No matter how determined Friel is to reach her goals, she had to put in a lot of hard work in order to be where she is today
No matter how determined Friel is to reach her goals, she had to put in a lot of hard work in order to be where she is today

Woman qualifies for Olympic Marathon Trials aged 50

Molly Friel is the second-oldest woman to ever qualify for the marathon trials

Sabrina Barr@fabsab5
Thursday 11 January 2018 10:46
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A runner has become the second-oldest woman to ever qualify for the Olympic Marathon Trials at 50 years old.

Molly Friel, from Fresno, California, has been an avid runner for over three decades.

Friel previously qualified for the Olympic Marathon Trials in 2004 and 2016. However, her recent achievement has proven that age is just a number when it comes to chasing your aspirations.

Friel attained her qualifying time at the California International Marathon, which took place on December 3 last year.

She accomplished a remarkable time of 2:43:57, averaging a six-minute-15-second mile pace throughout the race.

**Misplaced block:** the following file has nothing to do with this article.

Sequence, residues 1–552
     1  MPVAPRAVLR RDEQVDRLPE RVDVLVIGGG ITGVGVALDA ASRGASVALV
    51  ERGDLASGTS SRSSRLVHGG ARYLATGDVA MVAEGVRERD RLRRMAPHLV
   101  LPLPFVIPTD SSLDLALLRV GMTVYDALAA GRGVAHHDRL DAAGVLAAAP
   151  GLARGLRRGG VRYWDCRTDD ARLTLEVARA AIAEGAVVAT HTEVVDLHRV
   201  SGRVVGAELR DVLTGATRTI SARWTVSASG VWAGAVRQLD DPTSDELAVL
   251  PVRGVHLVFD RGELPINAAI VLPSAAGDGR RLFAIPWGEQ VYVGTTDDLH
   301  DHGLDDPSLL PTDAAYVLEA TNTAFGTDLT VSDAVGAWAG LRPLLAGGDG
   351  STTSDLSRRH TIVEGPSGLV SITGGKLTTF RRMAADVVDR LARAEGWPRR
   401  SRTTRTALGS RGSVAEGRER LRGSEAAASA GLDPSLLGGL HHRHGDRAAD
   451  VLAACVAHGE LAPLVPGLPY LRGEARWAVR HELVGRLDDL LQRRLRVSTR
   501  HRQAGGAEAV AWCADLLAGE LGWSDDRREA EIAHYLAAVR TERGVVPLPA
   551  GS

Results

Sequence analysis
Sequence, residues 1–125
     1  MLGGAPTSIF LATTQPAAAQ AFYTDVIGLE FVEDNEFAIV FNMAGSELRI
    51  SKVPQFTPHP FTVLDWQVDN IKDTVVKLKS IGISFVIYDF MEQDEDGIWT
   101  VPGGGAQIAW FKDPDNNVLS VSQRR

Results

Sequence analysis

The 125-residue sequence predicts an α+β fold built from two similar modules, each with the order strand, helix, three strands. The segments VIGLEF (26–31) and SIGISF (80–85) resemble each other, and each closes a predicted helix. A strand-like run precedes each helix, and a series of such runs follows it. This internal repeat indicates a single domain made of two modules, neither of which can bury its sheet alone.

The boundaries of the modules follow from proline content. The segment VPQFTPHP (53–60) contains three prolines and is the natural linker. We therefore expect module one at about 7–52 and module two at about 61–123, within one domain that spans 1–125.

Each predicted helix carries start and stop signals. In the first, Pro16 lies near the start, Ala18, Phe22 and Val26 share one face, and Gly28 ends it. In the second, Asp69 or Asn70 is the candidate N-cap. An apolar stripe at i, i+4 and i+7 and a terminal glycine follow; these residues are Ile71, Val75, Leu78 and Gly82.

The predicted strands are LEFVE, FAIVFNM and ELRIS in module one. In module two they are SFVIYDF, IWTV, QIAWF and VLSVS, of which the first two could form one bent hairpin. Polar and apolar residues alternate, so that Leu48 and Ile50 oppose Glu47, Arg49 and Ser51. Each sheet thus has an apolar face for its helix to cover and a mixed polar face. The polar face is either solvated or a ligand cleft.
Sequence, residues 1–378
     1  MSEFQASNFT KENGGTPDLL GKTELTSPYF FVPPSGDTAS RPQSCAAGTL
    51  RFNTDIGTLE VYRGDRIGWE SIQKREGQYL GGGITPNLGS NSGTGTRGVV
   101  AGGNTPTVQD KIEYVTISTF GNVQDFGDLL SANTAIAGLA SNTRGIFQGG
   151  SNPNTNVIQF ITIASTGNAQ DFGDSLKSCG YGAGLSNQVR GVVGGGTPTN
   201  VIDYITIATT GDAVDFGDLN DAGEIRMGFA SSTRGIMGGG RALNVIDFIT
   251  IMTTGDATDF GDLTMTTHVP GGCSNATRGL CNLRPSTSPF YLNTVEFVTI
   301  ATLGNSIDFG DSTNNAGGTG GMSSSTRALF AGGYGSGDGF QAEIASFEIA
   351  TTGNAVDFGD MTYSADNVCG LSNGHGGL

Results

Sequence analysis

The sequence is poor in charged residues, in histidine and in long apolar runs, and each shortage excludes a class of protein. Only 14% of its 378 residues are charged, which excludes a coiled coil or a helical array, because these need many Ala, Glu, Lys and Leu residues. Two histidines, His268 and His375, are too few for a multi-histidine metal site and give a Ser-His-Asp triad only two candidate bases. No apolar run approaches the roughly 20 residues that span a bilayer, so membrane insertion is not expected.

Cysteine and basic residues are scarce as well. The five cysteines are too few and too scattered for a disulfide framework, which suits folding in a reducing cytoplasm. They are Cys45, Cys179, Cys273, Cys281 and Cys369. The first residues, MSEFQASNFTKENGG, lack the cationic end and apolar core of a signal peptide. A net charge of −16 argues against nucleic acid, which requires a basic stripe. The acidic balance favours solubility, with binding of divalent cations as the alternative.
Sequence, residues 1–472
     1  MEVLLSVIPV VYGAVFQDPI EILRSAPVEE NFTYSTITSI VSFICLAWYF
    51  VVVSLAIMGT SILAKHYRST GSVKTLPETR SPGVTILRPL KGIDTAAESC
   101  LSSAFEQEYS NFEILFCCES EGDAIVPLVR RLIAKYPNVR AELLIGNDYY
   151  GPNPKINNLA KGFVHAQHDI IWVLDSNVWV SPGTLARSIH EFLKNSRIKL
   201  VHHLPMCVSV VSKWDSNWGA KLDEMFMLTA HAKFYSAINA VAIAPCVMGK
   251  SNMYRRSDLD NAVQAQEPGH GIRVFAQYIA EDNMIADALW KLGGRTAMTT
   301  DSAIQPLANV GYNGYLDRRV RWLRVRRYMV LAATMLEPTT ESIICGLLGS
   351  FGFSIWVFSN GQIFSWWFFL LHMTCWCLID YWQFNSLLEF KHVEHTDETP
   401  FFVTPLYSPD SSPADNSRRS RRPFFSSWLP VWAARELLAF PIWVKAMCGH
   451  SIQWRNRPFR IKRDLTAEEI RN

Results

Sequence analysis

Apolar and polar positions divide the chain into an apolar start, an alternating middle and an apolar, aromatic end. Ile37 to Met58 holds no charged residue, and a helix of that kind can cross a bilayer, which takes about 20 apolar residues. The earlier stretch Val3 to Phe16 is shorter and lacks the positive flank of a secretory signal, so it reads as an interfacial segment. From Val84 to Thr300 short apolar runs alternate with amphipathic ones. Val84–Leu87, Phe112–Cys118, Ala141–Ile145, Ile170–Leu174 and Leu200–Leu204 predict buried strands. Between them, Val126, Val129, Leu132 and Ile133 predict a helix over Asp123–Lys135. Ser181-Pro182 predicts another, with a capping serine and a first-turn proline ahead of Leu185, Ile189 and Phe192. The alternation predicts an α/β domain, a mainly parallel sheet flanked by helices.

The time she needed to beat in order to qualify was 2:45, meaning that Friel crossed the line with over a minute to spare.

The oldest woman to ever qualify for the Olympic Marathon Trials was Sister Marion Irvine, qualifying for the 1984 Olympic Marathon Trials aged 54.

However, back then the qualifying time for the first ever women’s US Olympic Marathon Trials was 2:51:16.

The impact of the women’s US Olympic Marathon Trials in 1984 was momentous, sparking a rise in the number of women taking up running as a sport.

Ian Torrence, Friel’s coach, explained that she has the mental tenacity to overcome any obstacle in her way.

“She’s got grit, you know?” he told Runner’s World. “She knows how to push through the pain.”

No matter how determined Friel is to reach her goals, she had to put in a lot of hard work in order to be where she is today.

During her training for the California International Marathon, Friel would sometimes run between 90 and 100 miles per week, with her longest distance before the big day reaching 24 miles.

While Friel has many years of experience preparing for races, that doesn’t stop the nerves from creeping in.

“I get pretty worked up,” she said. “That hasn’t changed. I’ve been like that since I was 20.”

However, the joy that Friel takes from running makes all the blood, sweat and tears worth it in the end.

“I love the training,” she said. “I love the process more than the end result.”

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